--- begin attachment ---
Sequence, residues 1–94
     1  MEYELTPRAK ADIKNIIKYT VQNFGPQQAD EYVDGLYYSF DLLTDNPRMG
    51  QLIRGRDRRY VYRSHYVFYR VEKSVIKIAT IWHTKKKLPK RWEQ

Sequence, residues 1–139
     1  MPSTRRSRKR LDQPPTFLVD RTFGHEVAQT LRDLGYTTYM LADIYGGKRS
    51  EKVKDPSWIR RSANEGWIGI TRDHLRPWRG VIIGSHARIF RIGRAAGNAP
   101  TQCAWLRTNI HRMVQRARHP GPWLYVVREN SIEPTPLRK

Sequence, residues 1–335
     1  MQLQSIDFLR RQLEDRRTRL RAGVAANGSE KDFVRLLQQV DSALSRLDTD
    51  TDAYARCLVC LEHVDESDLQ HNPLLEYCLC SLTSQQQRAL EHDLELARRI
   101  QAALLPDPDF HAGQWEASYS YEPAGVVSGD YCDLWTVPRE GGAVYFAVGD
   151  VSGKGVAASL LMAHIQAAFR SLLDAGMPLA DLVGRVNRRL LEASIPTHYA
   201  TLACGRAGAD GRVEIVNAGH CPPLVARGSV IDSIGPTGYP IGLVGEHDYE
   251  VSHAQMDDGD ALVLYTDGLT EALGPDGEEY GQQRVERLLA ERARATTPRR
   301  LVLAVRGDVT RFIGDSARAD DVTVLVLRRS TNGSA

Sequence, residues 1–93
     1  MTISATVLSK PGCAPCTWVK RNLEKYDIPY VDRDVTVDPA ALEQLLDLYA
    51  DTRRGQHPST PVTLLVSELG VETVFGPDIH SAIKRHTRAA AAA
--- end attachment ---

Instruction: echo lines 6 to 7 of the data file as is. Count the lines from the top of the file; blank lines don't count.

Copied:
    51  EKVKDPSWIR RSANEGWIGI TRDHLRPWRG VIIGSHARIF RIGRAAGNAP
   101  TQCAWLRTNI HRMVQRARHP GPWLYVVREN SIEPTPLRK